Playing the Jokers

"Cosmic Joker" by Zygmund Zee

“Cosmic Joker” by Zygmund Zee


Dec 3, 2015

The house of cards which is modern astronomy contains two jokers. Both lie in the foundation; both are being played; and the house is doomed to collapse.

The first joker is the assumption that redshift is entirely a doppler effect. Upon this card is founded the idea of the expanding universe and the theory of the Big Bang. Halton Arp’s observations of physical connections among objects with different redshifts knocks this joker over. The further discovery that redshifts are quantized in cluster-specific sequences tosses it onto the discard pile.

The second joker is the assumption that electrical phenomena are insignificant on an astronomical scale, that gravitation alone shapes the structure of the universe. Hannes Alfvn tilted that card with his observations that plasmas are not neutral superconductors: they propagate charge separation, current flow, and electrical forces over large distances. Other researchers are flattening this joker by amassing evidence of plasma activity in a multiplicity of forms throughout the universe, at every scale.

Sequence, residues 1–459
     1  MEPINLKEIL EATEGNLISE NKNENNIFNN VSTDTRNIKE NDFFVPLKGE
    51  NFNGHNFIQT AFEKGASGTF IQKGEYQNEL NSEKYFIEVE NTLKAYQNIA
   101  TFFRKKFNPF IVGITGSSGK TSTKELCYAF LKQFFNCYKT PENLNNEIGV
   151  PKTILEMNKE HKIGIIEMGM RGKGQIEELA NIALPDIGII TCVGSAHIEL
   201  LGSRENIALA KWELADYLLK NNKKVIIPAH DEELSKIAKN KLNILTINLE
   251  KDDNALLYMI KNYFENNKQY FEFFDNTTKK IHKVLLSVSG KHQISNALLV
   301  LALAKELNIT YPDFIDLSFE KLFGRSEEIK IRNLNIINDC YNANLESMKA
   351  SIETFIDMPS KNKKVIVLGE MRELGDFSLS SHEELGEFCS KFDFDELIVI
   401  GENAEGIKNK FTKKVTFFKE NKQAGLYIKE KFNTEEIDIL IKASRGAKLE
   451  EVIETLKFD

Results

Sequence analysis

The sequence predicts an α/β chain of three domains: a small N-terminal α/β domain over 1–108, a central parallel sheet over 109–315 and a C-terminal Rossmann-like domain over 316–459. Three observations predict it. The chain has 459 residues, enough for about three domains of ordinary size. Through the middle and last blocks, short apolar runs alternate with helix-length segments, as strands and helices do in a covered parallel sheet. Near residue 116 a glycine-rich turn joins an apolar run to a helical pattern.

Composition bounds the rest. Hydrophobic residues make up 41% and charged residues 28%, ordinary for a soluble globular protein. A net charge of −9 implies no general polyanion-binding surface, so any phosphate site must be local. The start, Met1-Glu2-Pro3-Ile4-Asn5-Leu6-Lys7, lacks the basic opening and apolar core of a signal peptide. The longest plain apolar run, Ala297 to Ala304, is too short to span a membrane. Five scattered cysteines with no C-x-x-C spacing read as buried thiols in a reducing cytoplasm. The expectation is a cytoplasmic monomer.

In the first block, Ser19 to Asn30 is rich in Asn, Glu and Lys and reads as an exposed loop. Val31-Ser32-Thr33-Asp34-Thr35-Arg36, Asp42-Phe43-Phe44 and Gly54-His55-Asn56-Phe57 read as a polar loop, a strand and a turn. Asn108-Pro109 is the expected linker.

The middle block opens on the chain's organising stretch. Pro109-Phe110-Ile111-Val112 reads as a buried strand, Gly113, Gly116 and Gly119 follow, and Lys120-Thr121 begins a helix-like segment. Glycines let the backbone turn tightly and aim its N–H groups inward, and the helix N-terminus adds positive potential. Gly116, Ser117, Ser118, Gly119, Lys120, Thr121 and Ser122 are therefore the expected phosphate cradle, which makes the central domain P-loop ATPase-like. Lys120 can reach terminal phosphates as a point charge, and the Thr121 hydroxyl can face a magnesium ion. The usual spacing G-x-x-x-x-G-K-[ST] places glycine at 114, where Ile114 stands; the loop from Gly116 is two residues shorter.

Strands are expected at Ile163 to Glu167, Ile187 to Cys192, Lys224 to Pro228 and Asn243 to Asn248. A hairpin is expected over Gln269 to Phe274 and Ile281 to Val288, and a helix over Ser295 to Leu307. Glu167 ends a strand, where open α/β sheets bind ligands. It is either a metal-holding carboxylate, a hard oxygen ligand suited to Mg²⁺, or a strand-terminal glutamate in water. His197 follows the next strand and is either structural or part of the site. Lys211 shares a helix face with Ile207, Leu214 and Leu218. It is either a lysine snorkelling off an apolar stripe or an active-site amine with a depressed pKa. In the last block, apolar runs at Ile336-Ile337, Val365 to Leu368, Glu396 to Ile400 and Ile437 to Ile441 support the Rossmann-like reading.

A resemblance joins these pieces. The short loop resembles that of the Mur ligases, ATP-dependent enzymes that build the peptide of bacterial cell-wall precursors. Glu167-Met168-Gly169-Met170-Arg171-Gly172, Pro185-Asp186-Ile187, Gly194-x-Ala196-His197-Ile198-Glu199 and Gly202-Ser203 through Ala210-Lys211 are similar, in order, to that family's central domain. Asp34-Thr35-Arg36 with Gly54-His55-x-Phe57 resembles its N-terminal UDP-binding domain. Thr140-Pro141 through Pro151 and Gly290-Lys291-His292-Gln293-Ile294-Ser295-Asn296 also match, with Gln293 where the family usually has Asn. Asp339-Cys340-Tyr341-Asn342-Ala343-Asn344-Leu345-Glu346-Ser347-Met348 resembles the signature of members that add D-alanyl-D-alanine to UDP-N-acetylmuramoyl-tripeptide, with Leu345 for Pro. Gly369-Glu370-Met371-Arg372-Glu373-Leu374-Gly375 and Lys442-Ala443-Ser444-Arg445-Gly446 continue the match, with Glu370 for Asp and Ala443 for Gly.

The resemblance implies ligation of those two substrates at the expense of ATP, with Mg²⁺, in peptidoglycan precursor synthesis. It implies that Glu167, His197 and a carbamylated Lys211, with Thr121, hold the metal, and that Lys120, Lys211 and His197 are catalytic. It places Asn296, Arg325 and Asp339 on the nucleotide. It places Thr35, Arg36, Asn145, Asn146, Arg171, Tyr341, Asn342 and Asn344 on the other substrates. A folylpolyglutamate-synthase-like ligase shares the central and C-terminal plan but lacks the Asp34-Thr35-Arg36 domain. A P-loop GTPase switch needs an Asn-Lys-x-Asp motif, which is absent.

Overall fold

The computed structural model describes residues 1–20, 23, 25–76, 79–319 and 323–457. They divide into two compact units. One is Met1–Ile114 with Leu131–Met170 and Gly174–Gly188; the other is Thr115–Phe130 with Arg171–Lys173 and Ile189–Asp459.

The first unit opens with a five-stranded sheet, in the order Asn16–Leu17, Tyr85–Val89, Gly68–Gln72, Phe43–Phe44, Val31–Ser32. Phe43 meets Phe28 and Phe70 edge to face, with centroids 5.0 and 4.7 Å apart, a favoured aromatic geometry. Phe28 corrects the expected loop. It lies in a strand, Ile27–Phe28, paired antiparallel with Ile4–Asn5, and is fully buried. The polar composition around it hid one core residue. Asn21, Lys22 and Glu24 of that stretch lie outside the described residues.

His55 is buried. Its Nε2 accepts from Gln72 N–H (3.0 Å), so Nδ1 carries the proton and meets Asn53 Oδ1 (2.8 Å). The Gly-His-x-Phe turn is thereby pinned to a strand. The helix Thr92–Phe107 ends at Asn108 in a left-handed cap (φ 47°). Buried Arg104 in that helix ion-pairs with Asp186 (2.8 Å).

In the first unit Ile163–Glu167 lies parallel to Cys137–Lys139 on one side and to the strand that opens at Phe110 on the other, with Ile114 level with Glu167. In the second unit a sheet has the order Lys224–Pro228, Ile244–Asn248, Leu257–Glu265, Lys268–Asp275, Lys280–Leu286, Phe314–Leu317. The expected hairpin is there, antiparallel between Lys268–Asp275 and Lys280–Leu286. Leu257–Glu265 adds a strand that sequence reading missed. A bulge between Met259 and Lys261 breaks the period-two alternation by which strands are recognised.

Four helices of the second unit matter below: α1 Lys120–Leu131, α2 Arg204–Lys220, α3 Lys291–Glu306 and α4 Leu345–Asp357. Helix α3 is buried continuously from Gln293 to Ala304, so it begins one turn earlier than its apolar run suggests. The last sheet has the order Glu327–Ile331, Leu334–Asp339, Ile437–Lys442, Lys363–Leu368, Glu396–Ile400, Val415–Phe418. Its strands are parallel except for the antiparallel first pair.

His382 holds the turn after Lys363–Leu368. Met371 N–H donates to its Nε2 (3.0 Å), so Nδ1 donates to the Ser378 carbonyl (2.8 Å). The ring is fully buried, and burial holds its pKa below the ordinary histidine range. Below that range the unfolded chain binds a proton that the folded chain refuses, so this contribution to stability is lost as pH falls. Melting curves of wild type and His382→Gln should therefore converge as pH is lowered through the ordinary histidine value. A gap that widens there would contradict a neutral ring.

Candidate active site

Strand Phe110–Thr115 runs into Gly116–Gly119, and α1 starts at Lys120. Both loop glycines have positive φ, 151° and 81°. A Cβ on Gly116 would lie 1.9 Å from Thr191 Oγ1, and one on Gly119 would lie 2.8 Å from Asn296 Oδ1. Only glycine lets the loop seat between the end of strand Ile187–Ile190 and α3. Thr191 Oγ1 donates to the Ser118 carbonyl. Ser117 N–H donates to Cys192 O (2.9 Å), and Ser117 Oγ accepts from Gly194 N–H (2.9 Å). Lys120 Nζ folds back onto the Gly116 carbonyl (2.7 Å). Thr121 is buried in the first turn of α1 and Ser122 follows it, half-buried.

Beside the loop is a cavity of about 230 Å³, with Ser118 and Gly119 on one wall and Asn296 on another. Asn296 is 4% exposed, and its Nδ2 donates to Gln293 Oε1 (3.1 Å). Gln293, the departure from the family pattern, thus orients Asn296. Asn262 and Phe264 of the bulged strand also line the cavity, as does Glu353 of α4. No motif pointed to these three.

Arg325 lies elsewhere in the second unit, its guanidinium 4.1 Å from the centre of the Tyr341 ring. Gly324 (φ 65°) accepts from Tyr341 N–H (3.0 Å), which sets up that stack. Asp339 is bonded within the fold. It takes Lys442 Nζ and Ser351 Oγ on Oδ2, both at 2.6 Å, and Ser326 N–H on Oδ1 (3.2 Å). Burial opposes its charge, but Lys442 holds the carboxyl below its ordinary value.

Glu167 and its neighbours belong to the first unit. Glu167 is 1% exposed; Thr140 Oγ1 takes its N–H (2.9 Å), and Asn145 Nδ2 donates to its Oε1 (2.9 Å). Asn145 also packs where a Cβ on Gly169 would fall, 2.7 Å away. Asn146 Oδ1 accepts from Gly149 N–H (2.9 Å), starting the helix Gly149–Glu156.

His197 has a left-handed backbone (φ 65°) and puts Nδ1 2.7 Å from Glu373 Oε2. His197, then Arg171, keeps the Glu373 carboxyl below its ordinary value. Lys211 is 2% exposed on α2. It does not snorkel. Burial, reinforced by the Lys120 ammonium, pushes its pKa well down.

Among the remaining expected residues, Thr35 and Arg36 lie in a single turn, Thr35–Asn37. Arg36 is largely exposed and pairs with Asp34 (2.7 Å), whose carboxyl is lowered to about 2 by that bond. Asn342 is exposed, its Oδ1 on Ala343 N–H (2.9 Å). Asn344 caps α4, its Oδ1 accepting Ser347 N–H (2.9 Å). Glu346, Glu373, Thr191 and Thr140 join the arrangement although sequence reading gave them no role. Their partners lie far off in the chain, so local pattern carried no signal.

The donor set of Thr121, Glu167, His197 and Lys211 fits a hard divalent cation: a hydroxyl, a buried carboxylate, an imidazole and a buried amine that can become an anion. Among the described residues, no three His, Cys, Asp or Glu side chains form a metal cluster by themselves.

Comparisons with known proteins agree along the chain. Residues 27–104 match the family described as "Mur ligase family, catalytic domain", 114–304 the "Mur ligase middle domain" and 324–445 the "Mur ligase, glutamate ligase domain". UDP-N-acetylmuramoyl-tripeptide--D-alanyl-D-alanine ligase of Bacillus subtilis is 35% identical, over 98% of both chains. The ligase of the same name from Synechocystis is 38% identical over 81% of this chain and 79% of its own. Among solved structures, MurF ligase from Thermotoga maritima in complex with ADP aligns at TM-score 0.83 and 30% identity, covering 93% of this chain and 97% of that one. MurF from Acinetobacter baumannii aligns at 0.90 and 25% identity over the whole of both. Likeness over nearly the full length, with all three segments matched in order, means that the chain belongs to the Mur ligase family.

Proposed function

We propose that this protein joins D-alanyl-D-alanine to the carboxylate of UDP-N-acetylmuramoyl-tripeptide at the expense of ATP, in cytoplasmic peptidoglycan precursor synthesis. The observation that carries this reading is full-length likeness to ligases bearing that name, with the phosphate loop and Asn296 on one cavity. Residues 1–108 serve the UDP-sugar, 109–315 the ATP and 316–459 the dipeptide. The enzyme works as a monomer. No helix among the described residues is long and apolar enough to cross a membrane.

A common characteristic connects these jokers: The currently popular theories are built on the assumption of isolation. A galaxy is an “island universe”, wrapped in its own gravitational field, idly spinning in nothingness. A star is a ball of gas balanced between the pull of its own gravity and the push of its own radiation. The revolutionary aspect of the joker-flattening evidence is that stars and galaxies are connected and interacting. Galaxies eject clouds, jets, and quasars that evolve into companion galaxies and clusters. Many of these remain connected to the parent galaxy with fingers of radio and x-ray radiation.

Stars form in pinched segments of galaxy-wide lightning discharges and resonate to the variations in current and potential. Instead of a universe of individual particles that can be described in isolation, there is a universe of populations of mutual influences and of evolving correlations. Levels of statistical and historical ordering emerge beyond and above the individual level.

The deterministic equations of establishment theories are valid only insofar as conditions of isolation are approximated. They require closing one’s eyes to aggregates and to connections and to bigger pictures. Ultimately, one must close one’s eyes to the universe or else watch the house of cards fall.

Mel Acheson

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